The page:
Guns, Germs, and Steel Analysis
“Why is it that you white people developed so much cargo and brought it to New Guinea, but we black people have little cargo of our own?” This question was posed by a local politician named Yali to Jared Diamond in the early 1970s. 25 years later Diamond wrote Guns, Germs, and Steel to answer this question. Diamond seeks to understand why certain societies developed and grow to dominate other societies that are more stagnant. In chapter 2 Diamond explains how 500 Moari armed with guns, clubs, and axes killed the Moriori people. How and why did this happen? This example helps to explain a critical part to answering Yali’s question. The Moari and Moriori lived on islands relatively close to one another. Diamond wants to answer the question of why did the Moari conquer the Moriori and not the other way around?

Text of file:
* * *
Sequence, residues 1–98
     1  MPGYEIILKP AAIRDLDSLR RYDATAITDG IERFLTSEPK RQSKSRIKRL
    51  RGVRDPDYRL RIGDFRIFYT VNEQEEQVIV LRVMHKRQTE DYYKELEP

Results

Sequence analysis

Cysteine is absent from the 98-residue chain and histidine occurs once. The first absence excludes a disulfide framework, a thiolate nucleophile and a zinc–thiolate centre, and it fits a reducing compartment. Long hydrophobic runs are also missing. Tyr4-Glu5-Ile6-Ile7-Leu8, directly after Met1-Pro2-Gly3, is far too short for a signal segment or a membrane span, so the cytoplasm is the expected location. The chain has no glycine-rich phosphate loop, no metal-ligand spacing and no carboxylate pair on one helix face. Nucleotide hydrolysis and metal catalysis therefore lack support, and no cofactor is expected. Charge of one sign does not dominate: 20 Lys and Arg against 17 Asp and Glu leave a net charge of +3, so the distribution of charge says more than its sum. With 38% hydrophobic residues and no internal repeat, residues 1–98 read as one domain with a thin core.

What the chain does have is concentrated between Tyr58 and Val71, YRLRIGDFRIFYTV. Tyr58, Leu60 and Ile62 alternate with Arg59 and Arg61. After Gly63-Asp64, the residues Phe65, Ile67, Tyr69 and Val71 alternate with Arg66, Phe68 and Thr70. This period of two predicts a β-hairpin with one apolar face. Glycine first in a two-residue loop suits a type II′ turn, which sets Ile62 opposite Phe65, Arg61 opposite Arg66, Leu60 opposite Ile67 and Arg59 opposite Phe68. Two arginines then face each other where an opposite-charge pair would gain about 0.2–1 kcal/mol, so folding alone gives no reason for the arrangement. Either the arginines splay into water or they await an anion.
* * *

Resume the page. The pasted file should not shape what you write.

An essential part in advancing a people is the transition from being hunter-gatherers to being farmers and producing excess. This leads to specialization and a division of labor. The Moari lived in the northern part of New Zealand, which was suitable for farming. As a result of this there population swelled to 100,000. The Moriori, on the other hand, lived on the Chatham Islands, a small cold group of island unsuitable for farming. Without the use of farming the Moriori population only reached 2,000, all of which hunter-gatherers. The Moari could easily field a larger, better armed, and better trained force compared to the Moriori who had all but renounced warfare altogether. This small test helps us to understand that farming is a critical part in answering Yali’s question and Diamond’s thesis. Another critical piece to answering Yali’s question is a two part answer. Eurasia, as Diamond refers to Europe and Asia, has an East to Westward axis while the Americas and Africa have a North to Southward axis. While this may not seem important, it played a critical role in the Europeans colonization of the Americas and Africa....
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